Your documentation supporting the littoral zone determination should include light penetration and hydromorphological data, submerged aquatic vegetation data, and substrate data. You may measure littoral zones through transects perpendicular to shore to identify the point of transition between the littoral and deeper (e.g., profundal) portions of the waterbody. A minimum of three transects would be established, with one at the proposed intake location, one upstream within the area of influence, and one downstream of the proposed intake in the area of influence. The first, and most important, criterion of the littoral zone boundary is where light penetration is not sufficient to support submerged aquatic vegetation. A photometer to measure incident light or a Secchi disk to make visual observations can provide rapid measurements along the transects. Depth can be readily measured with a fathometer or weighted line calibrated in meters. These two measurements will provide information on whether light reaches the bottom to support vegetation growth and whether the slope of the bottom changes dramatically enough to indicate an abrupt end to the littoral zone. A change in substrate composition sometimes occurs as the littoral zone ends. Therefore, grab samples can be taken along the transects and evaluated for substrate composition (e.g., gravel, sand, silt, clay). After you delineate the littoral zone, the last step in this process is to determine where the cooling water intake structure is located in relation to the littoral zone.

3. Cooling Water Intake Structure Velocity and Flow Data

Proposed section 125.86(b)(2) would require you to submit information on the intake structure and to provide a water balance diagram for your facility. The Director would use this information to evaluate the potential for impingement and entrainment of aquatic organisms. The design of the intake structure and the location in the water column would allow the Director to evaluate which of the requirements in today's proposed rule apply to the facility (for example, design intake velocity, flow rate, and location relative to the littoral zone). The water balance diagram provides the Director with a complete accounting of the flow in and out of the facility. A water balance diagram is the most effective tool to evaluate the water use patterns at a facility and to determine water used for cooling purposes, makeup, and processes.

To demonstrate your design velocity, you would need to provide to the Start Printed Page 49098Director the engineering calculations you used to calculate your velocity.

If your facility is located on a freshwater river or stream, you would need to provide calculations that demonstrate that you meet the flow requirements for both the mean annual flow and the 7Q10 flow. The 7Q10 flow is the lowest average seven-consecutive-day low flow with an average recurrence frequency of once in 10 years determined hydrologically. If your facility is located on an estuary or a tidal river, you would need to calculate the tidal excursion and provide the flow data for your facility and the supporting calculations.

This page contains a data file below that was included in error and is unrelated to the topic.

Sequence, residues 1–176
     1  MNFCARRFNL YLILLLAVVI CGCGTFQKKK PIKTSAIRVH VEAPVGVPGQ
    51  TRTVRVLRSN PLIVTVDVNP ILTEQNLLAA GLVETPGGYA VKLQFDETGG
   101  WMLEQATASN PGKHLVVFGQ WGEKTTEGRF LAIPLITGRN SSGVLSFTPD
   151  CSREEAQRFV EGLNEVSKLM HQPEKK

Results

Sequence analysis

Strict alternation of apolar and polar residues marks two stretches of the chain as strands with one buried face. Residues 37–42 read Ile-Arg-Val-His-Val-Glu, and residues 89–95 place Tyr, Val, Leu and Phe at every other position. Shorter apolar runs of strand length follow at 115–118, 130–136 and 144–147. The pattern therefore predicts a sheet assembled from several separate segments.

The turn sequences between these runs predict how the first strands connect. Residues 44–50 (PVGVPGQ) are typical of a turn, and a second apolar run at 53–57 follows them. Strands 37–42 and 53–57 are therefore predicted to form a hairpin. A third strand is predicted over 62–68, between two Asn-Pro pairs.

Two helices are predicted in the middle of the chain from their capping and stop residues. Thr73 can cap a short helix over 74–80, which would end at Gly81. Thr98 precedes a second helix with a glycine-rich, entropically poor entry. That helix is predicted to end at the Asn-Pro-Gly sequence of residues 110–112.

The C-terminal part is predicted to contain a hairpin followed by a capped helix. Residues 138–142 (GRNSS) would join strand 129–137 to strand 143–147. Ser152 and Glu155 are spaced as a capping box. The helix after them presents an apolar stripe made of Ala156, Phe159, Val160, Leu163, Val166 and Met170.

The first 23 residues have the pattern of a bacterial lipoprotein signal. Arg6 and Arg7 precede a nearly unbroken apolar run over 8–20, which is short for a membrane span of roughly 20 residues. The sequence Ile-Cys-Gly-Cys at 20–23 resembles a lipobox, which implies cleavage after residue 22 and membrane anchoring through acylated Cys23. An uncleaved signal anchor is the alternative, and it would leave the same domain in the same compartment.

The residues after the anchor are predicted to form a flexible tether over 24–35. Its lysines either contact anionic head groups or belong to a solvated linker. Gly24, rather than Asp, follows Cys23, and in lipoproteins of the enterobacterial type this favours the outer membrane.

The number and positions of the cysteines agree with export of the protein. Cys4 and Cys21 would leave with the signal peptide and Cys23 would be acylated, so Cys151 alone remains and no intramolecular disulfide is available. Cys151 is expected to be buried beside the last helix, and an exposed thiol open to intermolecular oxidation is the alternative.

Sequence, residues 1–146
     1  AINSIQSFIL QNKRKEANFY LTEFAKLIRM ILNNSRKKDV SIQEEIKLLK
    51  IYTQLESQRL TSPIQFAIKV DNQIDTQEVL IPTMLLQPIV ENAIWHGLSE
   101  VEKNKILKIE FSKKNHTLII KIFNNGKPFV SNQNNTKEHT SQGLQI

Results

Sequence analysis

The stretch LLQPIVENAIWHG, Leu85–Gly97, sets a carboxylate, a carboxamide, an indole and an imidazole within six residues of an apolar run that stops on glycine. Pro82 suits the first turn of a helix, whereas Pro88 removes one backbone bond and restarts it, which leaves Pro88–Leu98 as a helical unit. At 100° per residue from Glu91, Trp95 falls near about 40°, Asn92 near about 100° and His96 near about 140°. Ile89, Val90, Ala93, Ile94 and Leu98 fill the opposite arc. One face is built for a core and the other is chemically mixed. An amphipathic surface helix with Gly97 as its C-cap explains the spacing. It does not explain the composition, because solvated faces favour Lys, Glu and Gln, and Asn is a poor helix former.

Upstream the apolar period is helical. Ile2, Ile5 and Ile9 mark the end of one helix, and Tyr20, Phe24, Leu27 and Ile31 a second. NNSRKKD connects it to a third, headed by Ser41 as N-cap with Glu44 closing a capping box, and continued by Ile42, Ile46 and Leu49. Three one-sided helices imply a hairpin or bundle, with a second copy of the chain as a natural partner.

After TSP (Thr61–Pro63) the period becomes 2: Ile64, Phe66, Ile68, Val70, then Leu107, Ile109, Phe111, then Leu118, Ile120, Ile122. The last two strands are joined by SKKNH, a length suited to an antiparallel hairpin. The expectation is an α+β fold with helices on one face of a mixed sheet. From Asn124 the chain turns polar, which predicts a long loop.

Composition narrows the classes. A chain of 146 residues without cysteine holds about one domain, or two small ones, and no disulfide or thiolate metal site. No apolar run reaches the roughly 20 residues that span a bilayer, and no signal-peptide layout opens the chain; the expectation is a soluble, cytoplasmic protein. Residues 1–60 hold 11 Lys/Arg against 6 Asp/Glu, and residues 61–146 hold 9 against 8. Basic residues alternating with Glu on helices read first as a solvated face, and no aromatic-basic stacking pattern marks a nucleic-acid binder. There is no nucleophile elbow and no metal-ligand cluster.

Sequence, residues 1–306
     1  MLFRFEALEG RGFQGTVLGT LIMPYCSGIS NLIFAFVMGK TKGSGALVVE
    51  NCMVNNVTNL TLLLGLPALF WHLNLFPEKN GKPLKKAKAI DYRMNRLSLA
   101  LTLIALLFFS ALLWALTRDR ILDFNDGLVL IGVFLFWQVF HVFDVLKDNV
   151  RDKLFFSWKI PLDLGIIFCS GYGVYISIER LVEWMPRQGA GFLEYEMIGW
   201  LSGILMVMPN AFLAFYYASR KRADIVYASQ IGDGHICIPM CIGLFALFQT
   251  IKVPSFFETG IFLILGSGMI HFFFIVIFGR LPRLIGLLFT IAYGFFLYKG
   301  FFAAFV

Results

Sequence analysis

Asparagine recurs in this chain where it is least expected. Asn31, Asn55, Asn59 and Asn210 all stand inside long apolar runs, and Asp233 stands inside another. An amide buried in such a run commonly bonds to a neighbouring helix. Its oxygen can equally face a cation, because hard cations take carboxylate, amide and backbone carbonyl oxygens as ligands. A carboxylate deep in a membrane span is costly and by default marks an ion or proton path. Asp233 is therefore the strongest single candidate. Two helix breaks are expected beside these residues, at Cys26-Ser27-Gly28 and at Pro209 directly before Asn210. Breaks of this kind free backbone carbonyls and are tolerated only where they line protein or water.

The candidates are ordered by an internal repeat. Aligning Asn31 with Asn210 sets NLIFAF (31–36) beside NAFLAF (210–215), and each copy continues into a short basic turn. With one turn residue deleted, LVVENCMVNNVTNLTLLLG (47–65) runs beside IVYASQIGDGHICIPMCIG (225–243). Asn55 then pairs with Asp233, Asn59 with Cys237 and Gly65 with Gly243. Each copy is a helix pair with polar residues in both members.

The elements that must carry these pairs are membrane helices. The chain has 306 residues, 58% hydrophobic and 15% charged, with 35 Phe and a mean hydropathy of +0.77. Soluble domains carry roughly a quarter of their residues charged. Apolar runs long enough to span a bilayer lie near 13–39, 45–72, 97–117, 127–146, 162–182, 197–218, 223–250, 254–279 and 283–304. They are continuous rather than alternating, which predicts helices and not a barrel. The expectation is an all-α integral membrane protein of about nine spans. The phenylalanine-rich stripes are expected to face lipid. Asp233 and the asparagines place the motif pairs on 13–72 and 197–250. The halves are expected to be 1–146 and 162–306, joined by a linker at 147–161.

The tidal excursion distance can be computed using three different methods ranging from simple to complex. The simple method involves using available tidal velocities that can be obtained from the Tidal Current Tables formerly published by the National Ocean Service of the National Oceanic and Atmospheric Administration (NOAA) and currently printed and distributed by private companies (available at book stores or marine supply stores). The mid-range method involves computing the tidal excursion distance using the Tidal Prism Method.[55] The complex method involves the use of a 2-dimensional or 3-dimensional hydrodynamic model. The simplest method to use is the following:

(1) Locate the facility on either a NOAA nautical chart or a base map created from the USGS 1:100,000 scale Digital Line Graph (DLG) data available from the USGS Internet web site. These DLG Data can be imported into a computer-aided design (CAD)-based program or geographic information system (GIS). If these tools are unavailable, 1:100,000 scale topographic maps (USGS) can be used.

(2) Obtain maximum flood and ebb velocities (in meters per second) for the water body in the area of the cooling water intake structure from NOAA Tidal Current Tables.

(3) Calculate average flood and ebb velocities (in meters per second) over the entire flood or ebb cycle using the maximum flow and ebb velocities from 2 above.

(4) Calculate the flood and ebb tidal excursion distance using the average flood and ebb velocities from 3 above.

(5) Using the total of the flood and ebb distances from above, define the diameter of a circle that is centered over the opening of the cooling water intake structure.

(6) Define the area of the water body that falls within the area of the circle (see Appendix 3 to Preamble). The area of the water body, if smaller than the total area of the circle might be determined either by using a planimeter or by digitizing the area of the water body using a CAD-based program or GIS.